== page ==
I meet and talk to many bright youngsters who have amazing ideas on how to advance the economy, but no means to achieve this. We have supported business plan development in small communities, and helped establish three business incubators in Tuzla, Banja Luka and Mostar. Such initiatives can contribute to job creation. I recently read about the tremendous growth of the ICT sector in BiH. Young software developers are establishing their own start-ups, upgrading the digitalization process. I believe that the diaspora could also strongly contribute to economic development. As such, there are many opportunities for boosting employment and making BiH more attractive to investors. It is important that decision-makers recognize this.

BiH has the highest number of employees in the public sector per capita in the world, and ranks bottom on the number of registered companies per capita. The public sector should cease to be the most attractive employer. During the last 20-30 years, Norway has worked to create an entrepreneurial spirit among young people. That pays off.

BiH needs to keep its “agents of change”, and give them reasons not to look for their future abroad. Progress will be difficult if the brightest and most capable leave.

BiH would also benefit from an influx of foreign investments. I recently visited SMED – a Norwegian company that operates in BiH. It provides engineering services and supplies manufactured steel and metal products, which are transported from the Balkans to Scandinavia. They employ highly educated and well-experienced BiH engineers. There is potential for more such projects, but investors require a stronger institutional support.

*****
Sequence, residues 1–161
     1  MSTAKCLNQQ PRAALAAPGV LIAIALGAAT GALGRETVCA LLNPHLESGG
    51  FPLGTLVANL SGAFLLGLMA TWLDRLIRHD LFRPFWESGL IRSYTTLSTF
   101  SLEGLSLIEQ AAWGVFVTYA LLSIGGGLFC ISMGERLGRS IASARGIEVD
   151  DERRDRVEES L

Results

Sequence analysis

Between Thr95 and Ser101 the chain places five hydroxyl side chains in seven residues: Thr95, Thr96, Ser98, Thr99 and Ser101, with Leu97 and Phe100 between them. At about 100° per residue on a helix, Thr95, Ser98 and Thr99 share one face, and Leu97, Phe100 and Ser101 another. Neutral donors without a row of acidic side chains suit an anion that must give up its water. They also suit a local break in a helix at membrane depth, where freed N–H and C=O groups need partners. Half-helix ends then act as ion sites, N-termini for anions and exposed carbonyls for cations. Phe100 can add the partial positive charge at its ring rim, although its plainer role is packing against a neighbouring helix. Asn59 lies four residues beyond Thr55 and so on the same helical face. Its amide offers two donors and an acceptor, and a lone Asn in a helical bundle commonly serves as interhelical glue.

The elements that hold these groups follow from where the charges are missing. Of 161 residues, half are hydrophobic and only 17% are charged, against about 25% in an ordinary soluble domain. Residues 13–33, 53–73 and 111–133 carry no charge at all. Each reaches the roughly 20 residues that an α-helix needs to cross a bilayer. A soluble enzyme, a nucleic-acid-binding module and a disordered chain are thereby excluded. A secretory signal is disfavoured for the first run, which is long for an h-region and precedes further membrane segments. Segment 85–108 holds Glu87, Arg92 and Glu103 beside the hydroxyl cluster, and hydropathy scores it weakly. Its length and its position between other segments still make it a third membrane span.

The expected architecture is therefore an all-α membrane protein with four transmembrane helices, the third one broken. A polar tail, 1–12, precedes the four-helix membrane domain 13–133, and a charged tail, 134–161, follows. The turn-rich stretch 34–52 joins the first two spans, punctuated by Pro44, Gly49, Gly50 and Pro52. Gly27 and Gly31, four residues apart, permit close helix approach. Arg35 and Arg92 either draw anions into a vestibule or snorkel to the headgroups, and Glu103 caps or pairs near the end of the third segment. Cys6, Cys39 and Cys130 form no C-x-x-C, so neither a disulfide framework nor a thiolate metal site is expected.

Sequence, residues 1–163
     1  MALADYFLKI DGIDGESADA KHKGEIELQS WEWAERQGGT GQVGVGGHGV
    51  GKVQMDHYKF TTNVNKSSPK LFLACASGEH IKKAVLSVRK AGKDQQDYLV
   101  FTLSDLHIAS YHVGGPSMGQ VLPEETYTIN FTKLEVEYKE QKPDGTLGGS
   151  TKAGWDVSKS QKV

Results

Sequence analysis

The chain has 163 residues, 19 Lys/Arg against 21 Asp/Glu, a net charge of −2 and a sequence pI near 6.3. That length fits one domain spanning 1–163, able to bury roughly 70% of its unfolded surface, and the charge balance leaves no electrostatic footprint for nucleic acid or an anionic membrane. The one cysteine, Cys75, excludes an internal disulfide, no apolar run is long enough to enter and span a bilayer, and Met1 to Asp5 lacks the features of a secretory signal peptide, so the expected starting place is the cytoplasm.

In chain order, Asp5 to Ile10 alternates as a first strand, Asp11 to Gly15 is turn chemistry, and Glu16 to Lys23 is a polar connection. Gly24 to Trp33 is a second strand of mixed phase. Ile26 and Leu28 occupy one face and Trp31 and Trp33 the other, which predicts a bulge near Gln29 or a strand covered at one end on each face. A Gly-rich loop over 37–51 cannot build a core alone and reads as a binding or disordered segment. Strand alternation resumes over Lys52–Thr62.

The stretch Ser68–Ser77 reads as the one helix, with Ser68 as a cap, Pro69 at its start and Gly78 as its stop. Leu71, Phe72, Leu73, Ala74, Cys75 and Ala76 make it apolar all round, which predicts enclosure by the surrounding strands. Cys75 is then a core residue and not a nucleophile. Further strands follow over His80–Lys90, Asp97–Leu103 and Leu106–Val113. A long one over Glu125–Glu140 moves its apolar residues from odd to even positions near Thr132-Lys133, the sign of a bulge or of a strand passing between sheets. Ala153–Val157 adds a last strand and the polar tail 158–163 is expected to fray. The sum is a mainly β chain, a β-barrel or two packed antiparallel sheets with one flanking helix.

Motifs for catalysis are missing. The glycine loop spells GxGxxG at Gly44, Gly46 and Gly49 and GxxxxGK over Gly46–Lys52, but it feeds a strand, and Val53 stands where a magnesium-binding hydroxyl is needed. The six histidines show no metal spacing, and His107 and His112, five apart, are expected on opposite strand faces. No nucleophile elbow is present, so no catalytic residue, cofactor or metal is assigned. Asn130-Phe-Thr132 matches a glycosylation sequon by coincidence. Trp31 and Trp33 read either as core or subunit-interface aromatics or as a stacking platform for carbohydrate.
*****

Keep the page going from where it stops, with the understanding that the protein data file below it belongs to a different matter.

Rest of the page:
Important reforms ahead

I worked in the Norwegian Embassy to Poland several years after it became an EU Member State. The benefits of its EU membership became visible shortly after accession. I believe the transformation necessary for BiH’s EU membership, and NATO MAP activation, will bring improvements to the citizens of this country. There is no better alternative for politicians than to fulfil the requirements that were agreed upon.

The opening verse of a song by one of my favourite BiH bands, Dubioza Kolektiv, reads: “Blam, blam, every day I dream of an autobahn, wherever I go I see a macadam.” The EU and international financial institutions are pledging to give substantial financial assistance for infrastructural projects. In return, they ask for commitment to reforms. International partners of BiH agree that it is time to move beyond populist, nationalist and divisive rhetoric.

Agreement on sensitive reforms, like the election law, will be challenging. Nonetheless, it is necessary in order to enable full implementation of the 2018 election results. Decision-makers should ensure that principles of equality and non-discrimination are respected. Citizens deserve protection under established international and domestic human rights mechanisms.

Our Embassy recently organised a screening of the Norwegian film “Bravehearts”, which addresses political youth activism. After the screening, we had a debate with youth politicians and high school students. I was left with the impression that they really want to improve their society.

Improvement of regional relations could bring benefits to BiH. I believe that the efficient cooperation of Nordic countries today could serve as an example for the Western Balkans. Focus should be placed on the future. As Nelson Mandela said, “courageous people do not fear forgiving”.